Tuesday, May 20, 2014
A Serious Lesson for Genealogists from the Lunar Orbiter Image Recovery Project
Back in 1966 and 1967, five Lunar Orbiter spacecraft were sent to the moon to survey potential landing sites for the manned Apollo missions. The data transmitted by the Lunar Orbiter spacecraft was almost lost through technical obsolescence. Twenty years after the initial project, NASA's Jet Propulsion Laboratory (JPL) had to make the decision to keep or scrap the tapes made from the transmissions of the Lunar Orbiter. The equipment and the tapes were saved but the AMPEX tape machines were left sitting in the garage of one of the JPL Archivists for another almost twenty years. Finally, in 2004, a project was started to recover the data from the tapes.
The recovery project took until 2010. The story of the recovery is discussed in the above video interview and in a fascinating Wikipedia article on the Lunar Orbiter Image Recovery Project. There is also a website dedicated to the ongoing project, see MoonViews.com.
As usual, there is an important genealogical lesson to be learned from this story of what is now being called "technoarchaeology." For me, it is somewhat unsettling to realize that events that took place while I was a married graduate student are now considered the basis of archaeology, technical or otherwise. The major challenge of the data recovery effort was reconstructing the machinery necessary to read the tapes made from the transmissions from space. But having battled my own technological obsolescence issues on several occasions, I can certainly relate to the experiences of these engineers in trying to recapture valuable data.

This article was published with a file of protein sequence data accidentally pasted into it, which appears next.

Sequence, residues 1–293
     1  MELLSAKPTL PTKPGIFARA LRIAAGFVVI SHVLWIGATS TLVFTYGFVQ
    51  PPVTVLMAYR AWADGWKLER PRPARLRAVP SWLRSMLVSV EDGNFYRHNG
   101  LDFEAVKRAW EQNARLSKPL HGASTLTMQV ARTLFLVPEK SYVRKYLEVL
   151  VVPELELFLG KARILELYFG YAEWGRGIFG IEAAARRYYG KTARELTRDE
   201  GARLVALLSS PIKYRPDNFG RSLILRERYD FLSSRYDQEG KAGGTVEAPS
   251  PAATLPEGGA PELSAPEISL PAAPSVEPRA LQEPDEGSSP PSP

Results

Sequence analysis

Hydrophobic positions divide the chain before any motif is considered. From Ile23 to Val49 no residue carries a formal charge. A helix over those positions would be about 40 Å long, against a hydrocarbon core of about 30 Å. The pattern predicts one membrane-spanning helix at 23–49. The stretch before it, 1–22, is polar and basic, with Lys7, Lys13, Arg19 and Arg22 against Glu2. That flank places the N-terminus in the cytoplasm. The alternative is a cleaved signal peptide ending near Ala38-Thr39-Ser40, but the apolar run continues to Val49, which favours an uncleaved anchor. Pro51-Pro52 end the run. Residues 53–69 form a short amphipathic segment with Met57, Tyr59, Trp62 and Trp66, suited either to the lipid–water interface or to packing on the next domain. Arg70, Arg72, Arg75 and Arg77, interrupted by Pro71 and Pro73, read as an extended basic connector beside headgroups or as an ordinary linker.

As this example extensively illustrates, it is not enough simply to preserve a digital copy of your data, it is also important to migrate the date as new technology replaces the old. It is entirely possible that your hardware, i.e. computer, drives, storage devices etc., are woefully out of date. Are you sure, if something happened to your computer and hard drive that your data would be capable of being read by a newer, currently available, computer? Not only is there an issue with using old software, but the electronic devices themselves may also be impossible to reproduce.
Technology runs in cycles lasting about three to five years. If your computer and associated equipment and the programs that it uses are older than this, you are well into the danger zone. If you have gone past eight to ten years, then you are facing a major data loss issue. It should have been a wake-up call when Microsoft announced that is would no longer be supporting Windows XP.
Take a lesson from this dramatic story of technoarchaeology and start data migration today.